Twice a year since I have stopped being christian, I face a dilemma. Being the daughter of two christian/ex-catholic parents, the you can probably guess what two days those are: Easter and Christmas. Since I am still at the age where I spend my holidays with my family, and my parents feel it is necessary to go to church on these days, I usually get dragged along. Every holiday I am torn: do I go or not? And with Easter just around the bend, this question is once again on my mind. Oh yeah, keep in mind my parents do not know I am atheist.

So here are the arguments for both sides:

1. Don't go
Well obviously, I don't want to be anywhere near a church any time of the year, so why would I want to go on Easter. Also, I feel the whole "its Easter we HAVE" to go is such a disgusting attitude for christians to have (though my parents pretty much go every Sunday). I feel that I am old enough that I shouldn't be expected to tag along, and that my parents should ask if I want to go. Finally, I feel like I am not being true to myself. Every churchy act I am forced to mime my way through is painful. I practically rolled my eyes the entire way through my cousin's recent catholic wedding...

2. Go
Not going would involve coming out to my parents. Which would only cause drama and probably involve my mom crying and calling someone from my churchy past to talk to me and "get me back on track." Then the whole holiday would be awkward and my extended family would hear about it at the grandma's house and my mostly christian family would quietly tut behind my back and wonder "what went wrong." Also, with both me and my brother at college, Easter is one of the few times that the family is together all day, and I know that is important to my parents. It makes me feel a bit selfish that I can't suffer through one hour of church to make a nice day for my parents.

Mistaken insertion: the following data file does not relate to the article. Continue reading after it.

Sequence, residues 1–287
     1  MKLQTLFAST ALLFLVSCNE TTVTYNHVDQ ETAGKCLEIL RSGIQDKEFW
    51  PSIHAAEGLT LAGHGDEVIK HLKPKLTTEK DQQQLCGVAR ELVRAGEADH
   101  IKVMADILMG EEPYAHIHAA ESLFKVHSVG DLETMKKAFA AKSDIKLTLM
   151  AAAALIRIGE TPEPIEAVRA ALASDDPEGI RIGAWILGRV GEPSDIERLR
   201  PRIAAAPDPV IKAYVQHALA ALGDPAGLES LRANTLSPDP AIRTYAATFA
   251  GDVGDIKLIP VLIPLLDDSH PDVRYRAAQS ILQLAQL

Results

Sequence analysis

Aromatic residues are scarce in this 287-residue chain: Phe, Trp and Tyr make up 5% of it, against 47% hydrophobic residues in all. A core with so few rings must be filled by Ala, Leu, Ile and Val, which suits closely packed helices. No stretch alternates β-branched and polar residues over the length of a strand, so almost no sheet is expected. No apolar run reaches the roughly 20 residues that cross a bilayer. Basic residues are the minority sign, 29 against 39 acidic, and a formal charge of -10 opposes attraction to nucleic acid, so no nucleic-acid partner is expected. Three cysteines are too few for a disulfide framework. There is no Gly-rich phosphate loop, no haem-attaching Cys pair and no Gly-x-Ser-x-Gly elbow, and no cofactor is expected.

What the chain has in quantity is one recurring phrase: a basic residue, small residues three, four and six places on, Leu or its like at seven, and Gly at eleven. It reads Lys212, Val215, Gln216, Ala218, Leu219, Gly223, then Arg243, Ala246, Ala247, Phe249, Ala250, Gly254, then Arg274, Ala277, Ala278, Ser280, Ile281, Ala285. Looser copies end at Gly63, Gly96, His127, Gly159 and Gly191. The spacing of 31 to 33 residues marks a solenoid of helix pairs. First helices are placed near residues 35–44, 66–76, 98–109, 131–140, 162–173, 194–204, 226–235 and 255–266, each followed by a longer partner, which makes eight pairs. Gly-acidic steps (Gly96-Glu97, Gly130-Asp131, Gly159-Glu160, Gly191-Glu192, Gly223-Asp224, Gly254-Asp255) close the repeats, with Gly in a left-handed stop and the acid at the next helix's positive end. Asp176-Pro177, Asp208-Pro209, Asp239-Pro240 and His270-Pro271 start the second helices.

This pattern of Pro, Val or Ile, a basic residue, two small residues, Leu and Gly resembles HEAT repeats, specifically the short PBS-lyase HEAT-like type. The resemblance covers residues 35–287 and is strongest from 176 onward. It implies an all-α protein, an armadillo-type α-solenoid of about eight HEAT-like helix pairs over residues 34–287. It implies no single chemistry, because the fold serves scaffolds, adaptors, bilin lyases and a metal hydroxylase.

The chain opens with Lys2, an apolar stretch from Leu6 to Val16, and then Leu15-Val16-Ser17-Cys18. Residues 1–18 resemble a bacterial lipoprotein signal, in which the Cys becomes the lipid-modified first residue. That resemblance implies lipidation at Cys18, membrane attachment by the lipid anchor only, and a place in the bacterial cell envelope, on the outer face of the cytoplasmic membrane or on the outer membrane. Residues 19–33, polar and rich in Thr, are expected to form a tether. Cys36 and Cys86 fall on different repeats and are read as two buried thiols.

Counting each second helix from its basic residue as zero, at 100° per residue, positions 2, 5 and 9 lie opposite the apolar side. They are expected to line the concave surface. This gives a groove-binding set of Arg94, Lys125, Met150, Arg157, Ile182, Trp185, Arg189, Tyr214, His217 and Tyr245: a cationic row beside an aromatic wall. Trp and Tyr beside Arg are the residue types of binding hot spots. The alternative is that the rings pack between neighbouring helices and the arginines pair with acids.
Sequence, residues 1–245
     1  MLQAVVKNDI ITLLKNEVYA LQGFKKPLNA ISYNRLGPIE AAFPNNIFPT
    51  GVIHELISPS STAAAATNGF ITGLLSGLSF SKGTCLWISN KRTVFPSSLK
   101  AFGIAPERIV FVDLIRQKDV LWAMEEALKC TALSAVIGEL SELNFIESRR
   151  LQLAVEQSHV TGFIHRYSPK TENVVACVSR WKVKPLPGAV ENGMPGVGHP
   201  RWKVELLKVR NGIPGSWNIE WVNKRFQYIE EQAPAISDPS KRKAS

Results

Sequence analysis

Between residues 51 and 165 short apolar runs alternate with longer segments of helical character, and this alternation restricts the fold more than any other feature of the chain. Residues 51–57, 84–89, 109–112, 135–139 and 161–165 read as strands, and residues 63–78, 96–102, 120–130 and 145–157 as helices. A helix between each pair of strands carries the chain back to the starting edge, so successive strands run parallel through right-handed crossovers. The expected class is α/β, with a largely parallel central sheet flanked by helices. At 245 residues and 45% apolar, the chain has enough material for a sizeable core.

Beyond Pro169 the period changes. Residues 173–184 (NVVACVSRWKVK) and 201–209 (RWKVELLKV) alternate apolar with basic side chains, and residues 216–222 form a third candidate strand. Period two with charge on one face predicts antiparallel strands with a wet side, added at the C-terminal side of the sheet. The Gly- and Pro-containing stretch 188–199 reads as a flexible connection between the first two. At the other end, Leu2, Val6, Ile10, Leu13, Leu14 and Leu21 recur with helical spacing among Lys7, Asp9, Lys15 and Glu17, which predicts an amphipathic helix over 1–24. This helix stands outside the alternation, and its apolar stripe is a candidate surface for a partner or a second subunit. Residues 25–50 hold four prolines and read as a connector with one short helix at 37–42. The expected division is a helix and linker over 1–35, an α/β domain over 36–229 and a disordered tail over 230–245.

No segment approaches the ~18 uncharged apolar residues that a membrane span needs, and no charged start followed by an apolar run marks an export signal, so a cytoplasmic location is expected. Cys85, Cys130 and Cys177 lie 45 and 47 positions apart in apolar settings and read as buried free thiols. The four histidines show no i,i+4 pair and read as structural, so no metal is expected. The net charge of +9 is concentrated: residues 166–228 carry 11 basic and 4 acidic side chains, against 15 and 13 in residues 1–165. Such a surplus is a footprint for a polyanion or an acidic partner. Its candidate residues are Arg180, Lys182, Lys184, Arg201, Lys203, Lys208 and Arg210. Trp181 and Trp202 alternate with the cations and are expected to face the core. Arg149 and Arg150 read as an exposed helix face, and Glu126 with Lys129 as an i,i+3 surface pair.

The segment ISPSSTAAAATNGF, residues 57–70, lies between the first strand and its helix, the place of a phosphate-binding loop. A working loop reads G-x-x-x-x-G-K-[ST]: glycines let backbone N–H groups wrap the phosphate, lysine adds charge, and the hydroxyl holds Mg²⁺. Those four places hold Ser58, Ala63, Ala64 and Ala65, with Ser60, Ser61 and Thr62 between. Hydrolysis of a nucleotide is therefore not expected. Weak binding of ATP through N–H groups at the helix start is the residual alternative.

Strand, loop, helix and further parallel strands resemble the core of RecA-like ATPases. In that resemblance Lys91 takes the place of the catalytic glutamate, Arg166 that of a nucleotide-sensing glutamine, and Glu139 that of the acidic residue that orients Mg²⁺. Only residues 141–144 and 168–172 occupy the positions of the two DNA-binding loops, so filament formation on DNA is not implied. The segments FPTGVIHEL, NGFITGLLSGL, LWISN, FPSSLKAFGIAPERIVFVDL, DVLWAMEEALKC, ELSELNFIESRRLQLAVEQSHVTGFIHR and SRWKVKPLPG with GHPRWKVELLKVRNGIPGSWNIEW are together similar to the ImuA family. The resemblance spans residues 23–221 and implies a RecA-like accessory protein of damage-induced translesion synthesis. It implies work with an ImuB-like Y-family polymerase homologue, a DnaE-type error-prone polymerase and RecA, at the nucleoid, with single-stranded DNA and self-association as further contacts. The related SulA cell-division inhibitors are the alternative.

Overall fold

So there is the problem. I am torn between being true to myself and self-sacrifice for my parents.

Anyone got any advice or similar experiences?

Views: 74

Comment by Brad Leclerc on March 15, 2009 at 10:33am
That's a rough spot, but as others have mentioned, you will (I hope) eventually end up telling them anyway, the longer you wait, and the more you join in their church activities, the harder it will be for you, and the harder it will be for them to deal with.

As tough as it could be, honesty is (cliche as it is...) usually the best policy. Thankfully my parents were never deeply religious, so I haven't personally had to deal with that (though I do have some insanely religious aunts/uncles which lead to harsh conversation), but I have played backup and moral support to several friends coming out to their parents about their atheism, and as crappy as the first few minutes(or hours...) can be, being honest with them tends to feel a whole lot better than keeping quiet.

Tough call though....really tough.


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